An Anthology of Chinese Literature: Beginnings to 1911
Owen (Chinese and comparative literature, Harvard Univ.) is well known to students of Chinese literature for his work in literary criticism. His latest book offers a most welcome compendium of traditional Chinese literature at once comprehensive in its coverage and creative in its approach to translation and exposition. The broad variety of genres presented includes poetry, letters, stories, excerpts from novels and drama, philosophical writings, even "profound jokes"-almost every form of Chinese prose and verse except the eight-legged essay. The samplings within each genre are liberal enough to give a good feel for all formats. Arranged chronologically, sections start with a "period introduction" that briefly gives a political, social, and philosophical framework for the period. Interspersed among the selections are explanatory comments. Frequently, Owen illustrates a stylistic or thematic point with examples from other periods and genres, thus enriching and maximizing the readers’ appreciation. He eschews many time-honored conventions used in translating Chinese, which may be startling to some. This is a prodigious work of translation (Owen rendered nearly all 900-plus pages singlehandedly) published at a bargain price; it will become a staple in introductory Chinese literature courses and a useful reference for specialists. Even with the end of the Ch’ing dynasty as its cut-off point, it surpasses other anthologies (e.g., The Columbia Anthology of Traditional Chinese Literature, Columbia Univ., 1994) in its inclusion of works not formerly anthologized and its cohesive translation style. Highly recommended. —D.E. Perushek, Northwestern Univ. Lib., Evanston, Ill.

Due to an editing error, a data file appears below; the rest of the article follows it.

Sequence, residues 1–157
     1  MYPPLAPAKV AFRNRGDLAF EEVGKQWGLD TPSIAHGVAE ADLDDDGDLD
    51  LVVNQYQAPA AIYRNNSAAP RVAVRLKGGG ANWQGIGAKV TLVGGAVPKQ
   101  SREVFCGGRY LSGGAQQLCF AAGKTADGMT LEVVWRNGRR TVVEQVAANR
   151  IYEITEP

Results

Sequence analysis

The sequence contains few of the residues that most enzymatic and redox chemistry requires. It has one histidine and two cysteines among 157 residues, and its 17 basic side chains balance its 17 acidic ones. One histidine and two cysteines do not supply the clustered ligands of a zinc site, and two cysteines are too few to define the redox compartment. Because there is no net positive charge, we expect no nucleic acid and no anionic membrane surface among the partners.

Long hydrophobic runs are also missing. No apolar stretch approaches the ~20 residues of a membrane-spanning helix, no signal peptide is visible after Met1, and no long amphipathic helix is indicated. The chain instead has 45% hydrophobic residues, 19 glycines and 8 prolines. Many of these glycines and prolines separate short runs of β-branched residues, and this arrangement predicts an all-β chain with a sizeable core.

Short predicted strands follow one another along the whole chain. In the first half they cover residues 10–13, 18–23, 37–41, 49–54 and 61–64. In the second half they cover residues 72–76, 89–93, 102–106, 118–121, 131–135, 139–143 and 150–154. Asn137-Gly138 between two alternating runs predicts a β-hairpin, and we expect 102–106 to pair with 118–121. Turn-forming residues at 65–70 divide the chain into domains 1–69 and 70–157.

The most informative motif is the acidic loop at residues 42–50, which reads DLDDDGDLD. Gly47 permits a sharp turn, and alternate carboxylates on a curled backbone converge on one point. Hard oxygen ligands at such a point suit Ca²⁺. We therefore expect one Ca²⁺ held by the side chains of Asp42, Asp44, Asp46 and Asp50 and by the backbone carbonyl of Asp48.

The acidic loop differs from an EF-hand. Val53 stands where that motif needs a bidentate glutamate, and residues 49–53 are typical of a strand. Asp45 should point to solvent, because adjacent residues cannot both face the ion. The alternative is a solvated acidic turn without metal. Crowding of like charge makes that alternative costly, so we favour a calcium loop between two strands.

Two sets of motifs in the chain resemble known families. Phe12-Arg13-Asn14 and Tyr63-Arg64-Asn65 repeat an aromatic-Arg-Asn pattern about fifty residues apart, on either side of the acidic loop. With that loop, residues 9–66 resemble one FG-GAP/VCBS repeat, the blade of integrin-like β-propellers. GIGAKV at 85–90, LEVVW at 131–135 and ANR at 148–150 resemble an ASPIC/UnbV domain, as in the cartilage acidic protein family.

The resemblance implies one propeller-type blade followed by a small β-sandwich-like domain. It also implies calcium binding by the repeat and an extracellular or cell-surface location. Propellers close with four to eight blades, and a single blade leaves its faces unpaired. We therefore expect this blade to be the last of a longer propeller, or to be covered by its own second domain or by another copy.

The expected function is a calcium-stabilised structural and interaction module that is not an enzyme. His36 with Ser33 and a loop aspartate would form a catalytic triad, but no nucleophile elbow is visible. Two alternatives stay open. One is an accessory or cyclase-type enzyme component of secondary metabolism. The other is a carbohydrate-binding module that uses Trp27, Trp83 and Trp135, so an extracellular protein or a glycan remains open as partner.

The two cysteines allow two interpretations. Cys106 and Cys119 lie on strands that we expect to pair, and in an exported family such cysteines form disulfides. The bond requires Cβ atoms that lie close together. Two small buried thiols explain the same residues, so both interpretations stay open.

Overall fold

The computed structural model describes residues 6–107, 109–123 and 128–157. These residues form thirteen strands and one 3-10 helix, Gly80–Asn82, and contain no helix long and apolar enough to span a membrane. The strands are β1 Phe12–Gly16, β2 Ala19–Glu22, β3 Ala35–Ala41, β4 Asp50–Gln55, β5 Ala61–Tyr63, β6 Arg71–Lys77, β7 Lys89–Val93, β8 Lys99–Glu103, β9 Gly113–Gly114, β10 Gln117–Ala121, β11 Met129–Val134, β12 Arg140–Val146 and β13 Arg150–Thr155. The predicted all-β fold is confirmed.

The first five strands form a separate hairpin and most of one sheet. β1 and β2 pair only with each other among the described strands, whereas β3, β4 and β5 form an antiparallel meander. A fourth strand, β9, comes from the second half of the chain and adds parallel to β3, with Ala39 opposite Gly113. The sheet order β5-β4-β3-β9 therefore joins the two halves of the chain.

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W.W. Norton and Company